Hello friends! I hope you've been well -- I know we're all breathing a little easier now that the drama in Boston, Xconomy's home city, is over. My heart goes out to all of the victims of the week's senseless attacks.
In my last update late March, I hinted that something big was on the way. Now I can tell you all about it.
It's called Xperience, and it's the new consumer section of Xconomy. It's a place where we'll bring readers stories about the users of today's latest technologies, rather than just the creators.
Xperience will feature the same kinds of thoughtful, in-depth stories that have always been Xconomy's hallmark. But in contrast to our usual focus on the nuts and bolts of high-tech entrepreneurship, the goal is to help orient readers to the changes going on in the world of consumer technology and help them find the best digital tools for their own needs, in areas like health, fashion, food, travel, entertainment, and education. Here's a 1-minute video explaining the whole thing.
This project has been in the works for a number of months. In a way it represents the expansion of my Friday column, which was always more consumer-oriented than my regular Xconomy writing, into a five-days-a-week format. I've described Xperience to some people as Xconomy's version of the weekend or lifestyle section of a business newspaper; you can think of it as fitting somewhere on the continuum between Engadget, Lifehacker, and The New Yorker. If you check it out, you'll see that it has a very different look and feel from Xconomy itself, courtesy of Web and mobile designer Rob Hunter.
We soft-launched Xperience on March 28 (the same day we introduced Xconomy Boulder-Denver) and we formally announced it on April 17. It's the new home for my column, which was formerly called World Wide Wade, and is now called VOX: The Voice of Xperience.
Among the first flurry of Xperience stories:
- A long feature on Lynda.com, the online library of software training videos and other instructional videos. (To an extent many people don't appreciate, Lynda.com was one pattern and progenitor for the whole online education movement.)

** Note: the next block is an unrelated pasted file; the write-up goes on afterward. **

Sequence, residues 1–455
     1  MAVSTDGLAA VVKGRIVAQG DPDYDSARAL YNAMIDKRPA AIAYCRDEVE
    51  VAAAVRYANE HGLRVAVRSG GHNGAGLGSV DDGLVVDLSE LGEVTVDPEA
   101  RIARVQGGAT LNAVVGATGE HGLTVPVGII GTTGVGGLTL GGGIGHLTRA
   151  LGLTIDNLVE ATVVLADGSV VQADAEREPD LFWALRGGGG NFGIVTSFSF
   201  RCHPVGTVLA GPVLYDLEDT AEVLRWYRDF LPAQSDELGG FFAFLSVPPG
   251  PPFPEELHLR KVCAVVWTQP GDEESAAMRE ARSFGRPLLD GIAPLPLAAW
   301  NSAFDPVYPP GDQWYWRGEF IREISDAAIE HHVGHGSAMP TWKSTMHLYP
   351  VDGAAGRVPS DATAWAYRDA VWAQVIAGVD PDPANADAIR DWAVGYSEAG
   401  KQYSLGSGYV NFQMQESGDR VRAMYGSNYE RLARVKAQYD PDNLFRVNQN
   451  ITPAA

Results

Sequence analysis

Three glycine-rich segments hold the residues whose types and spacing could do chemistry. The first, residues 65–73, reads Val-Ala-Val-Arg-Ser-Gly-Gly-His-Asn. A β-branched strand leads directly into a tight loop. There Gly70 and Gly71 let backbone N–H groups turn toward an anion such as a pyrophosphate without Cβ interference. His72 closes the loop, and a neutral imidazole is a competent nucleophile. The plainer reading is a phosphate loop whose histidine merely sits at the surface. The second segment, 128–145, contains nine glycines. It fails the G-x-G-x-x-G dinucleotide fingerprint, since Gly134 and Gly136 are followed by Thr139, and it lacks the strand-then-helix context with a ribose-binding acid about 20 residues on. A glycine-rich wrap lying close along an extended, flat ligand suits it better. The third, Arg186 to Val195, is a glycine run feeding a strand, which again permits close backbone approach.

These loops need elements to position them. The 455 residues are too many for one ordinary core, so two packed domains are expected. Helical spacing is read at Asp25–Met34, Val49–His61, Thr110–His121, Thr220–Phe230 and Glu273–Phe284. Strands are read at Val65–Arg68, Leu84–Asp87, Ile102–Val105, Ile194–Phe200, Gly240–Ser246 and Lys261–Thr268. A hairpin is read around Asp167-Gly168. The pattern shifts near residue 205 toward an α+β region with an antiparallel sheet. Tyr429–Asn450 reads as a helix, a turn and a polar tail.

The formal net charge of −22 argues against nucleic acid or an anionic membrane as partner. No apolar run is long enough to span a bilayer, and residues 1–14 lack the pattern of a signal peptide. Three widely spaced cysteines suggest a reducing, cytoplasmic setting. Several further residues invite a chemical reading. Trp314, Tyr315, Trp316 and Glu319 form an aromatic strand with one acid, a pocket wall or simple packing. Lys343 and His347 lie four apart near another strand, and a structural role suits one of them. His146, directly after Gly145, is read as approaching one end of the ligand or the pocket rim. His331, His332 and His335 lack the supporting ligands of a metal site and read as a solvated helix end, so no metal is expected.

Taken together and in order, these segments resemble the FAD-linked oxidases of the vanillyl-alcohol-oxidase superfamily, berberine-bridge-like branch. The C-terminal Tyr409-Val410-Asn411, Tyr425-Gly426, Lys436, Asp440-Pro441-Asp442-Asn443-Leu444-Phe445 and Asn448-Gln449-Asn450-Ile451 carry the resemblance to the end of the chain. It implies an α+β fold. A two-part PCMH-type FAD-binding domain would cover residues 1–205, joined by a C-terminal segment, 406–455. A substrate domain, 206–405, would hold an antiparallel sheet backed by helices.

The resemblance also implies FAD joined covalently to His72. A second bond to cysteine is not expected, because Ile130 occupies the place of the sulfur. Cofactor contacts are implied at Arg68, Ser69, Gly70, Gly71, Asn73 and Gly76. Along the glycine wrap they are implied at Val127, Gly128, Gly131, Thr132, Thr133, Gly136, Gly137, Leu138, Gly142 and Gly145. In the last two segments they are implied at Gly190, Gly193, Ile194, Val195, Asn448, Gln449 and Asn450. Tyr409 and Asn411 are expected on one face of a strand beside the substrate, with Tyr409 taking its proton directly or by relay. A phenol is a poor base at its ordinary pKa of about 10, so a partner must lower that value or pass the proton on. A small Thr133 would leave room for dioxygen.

- A column asking whether you really need a to-do list and surveying the best to-do-list apps for your smartphone.
- A profile of Boxbee, a San Francisco startup that's adapting cloud-style storage for the real world -- they'll pick up and deliver your boxes on demand.
- A column about the domestication of 24/7 home video surveillance brought about my companies like Dropcam.
- A look at apps that help you navigate the uncharted wilderness of YouTube videos, with a focus on 9x9.tv, maker of an Android tablet app that organizes Internet videos according to the time of day.
- A round up of 15 great food and cooking apps for iOS and Android.
- A piece about a quirky little project to build a digital fork that tells you when you're eating too fast.
- A thought piece about the narrowing gap between amateur and professional video editing tools, and when it makes sense for amateur video producers to set aside tools like iMovie and instead use advanced editing software like Final Cut Pro X.
We're fortunate to have initial sponsorship for Xperience from design and production studio Stratos and office furniture maker Turnstone, and we look forward to bringing you more stories like this every week. If you've got ideas to pitch for the new section, feel free to contact me at firstname.lastname@example.org.
Of course, my duties as editor of Xconomy San Francisco haven't changed. Here's a taste of what's been going on elsewhere on the site:
- I wrote about the transformation of cleantech startup accelerator Greenstart into a "cleanweb"-focused venture fund.
- A story that's been in my notebooks since last fall -- about BoostCTR, which is using crowdsourcing to produce more effective search ads -- finally made it onto the site.
- I was the host for an April 11 Xconomy forum on how robots are remaking workplaces and whether a robot might take away your job someday. Here's a slide show from the sold-out event, which was held at SRI International in the heart of Silicon Valley.
- Food has been another big theme this month. I covered the first-ever Food Hackathon in San Francisco (slide show here), and wrote about a move by Boston-based cookbook publisher Harvard Common Press to open a San Francisco office and get deeper into the world of food-tech investing.
- I happened to be visiting True Ventures on the day Amazon acquired True portfolio company Goodreads, an online community for book lovers based in San Francisco. I wrote about the meaning of the acquisition from True's point of view.